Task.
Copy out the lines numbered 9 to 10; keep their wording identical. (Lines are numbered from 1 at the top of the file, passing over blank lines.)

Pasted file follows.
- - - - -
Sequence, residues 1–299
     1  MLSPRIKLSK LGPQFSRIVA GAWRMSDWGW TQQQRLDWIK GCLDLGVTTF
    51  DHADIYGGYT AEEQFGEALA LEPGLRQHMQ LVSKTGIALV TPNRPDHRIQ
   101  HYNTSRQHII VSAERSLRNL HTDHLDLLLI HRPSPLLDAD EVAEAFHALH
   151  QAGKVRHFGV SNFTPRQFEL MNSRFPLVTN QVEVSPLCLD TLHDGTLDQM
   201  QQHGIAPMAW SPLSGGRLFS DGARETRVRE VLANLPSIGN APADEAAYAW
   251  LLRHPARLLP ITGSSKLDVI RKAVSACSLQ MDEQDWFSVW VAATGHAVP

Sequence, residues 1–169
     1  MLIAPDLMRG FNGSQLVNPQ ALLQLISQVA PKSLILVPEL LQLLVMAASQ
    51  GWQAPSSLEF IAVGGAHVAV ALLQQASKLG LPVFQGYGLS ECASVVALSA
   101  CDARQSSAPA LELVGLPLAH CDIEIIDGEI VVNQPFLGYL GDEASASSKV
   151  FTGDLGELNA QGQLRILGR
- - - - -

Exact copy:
     1  MLIAPDLMRG FNGSQLVNPQ ALLQLISQVA PKSLILVPEL LQLLVMAASQ
    51  GWQAPSSLEF IAVGGAHVAV ALLQQASKLG LPVFQGYGLS ECASVVALSA